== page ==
One of the worst human disasters of this decade is unfolding now--behind closed doors in North Korea. Except for rare glimpses through a crack in the door controlled by a harsh communist government, what's going on is nearly unknown to those of us on the outside.
But the few Western visitors allowed in North Korea have seen fleeting glimpses of children in the advanced stages of starvation, fallow croplands, little food and hungry adults.
As the communist world disintegrates, North Korea can no longer count on aid and credit from other communist regimes. With only 20 percent of its land arable, the country's ability to feed itself has been further hampered by a string of natural disasters: hailstorms (1994), floods (in both 1995 and 1996) and this year's drought. These natural disasters have led to human ones.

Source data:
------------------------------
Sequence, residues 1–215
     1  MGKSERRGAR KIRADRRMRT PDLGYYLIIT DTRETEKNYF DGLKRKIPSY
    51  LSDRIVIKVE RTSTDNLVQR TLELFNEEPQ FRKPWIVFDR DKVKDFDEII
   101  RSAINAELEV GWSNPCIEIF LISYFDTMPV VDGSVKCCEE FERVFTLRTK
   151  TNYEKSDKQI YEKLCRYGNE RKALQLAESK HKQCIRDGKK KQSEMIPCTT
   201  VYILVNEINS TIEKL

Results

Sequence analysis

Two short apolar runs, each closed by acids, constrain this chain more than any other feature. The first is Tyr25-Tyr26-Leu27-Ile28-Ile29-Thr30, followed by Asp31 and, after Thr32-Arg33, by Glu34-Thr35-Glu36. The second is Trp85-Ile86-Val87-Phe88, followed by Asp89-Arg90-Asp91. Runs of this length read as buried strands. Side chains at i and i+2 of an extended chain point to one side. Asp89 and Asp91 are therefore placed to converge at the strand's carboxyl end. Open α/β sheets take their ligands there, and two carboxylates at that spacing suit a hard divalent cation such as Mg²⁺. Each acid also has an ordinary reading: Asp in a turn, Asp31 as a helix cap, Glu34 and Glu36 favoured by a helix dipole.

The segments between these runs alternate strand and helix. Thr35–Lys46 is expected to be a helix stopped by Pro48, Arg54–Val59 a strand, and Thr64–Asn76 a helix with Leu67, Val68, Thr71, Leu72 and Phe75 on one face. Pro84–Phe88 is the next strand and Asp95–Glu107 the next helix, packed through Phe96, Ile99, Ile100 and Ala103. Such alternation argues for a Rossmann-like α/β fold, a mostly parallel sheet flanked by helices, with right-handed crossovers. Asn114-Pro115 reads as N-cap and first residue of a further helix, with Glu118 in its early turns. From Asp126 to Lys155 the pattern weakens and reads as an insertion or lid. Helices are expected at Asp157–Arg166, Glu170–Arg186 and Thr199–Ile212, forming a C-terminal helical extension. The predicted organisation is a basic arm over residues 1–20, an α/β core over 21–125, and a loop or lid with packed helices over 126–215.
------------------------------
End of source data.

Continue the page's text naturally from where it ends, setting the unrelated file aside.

Only when the situation became desperate did the official North Korean emergency committee ask for outside help.
A coalition of Christian agencies--including Lutheran World Relief, Church World Service and ACT, a joint operation of the Lutheran World Federation and the World Council of Churches--is one of the groups that stepped in to help. The Evangelical Lutheran Church in America International Disaster Response has already channeled money through this group for food, fertilizer and medicine.
The coalition recently sent a field representative, Erich Weingartner, a Canadian Lutheran, who is assessing needs and monitoring aid that does arrive. At press time he reported that the government allowed World Food Program staff to do a national nutritional survey. Results were expected by the end of September.
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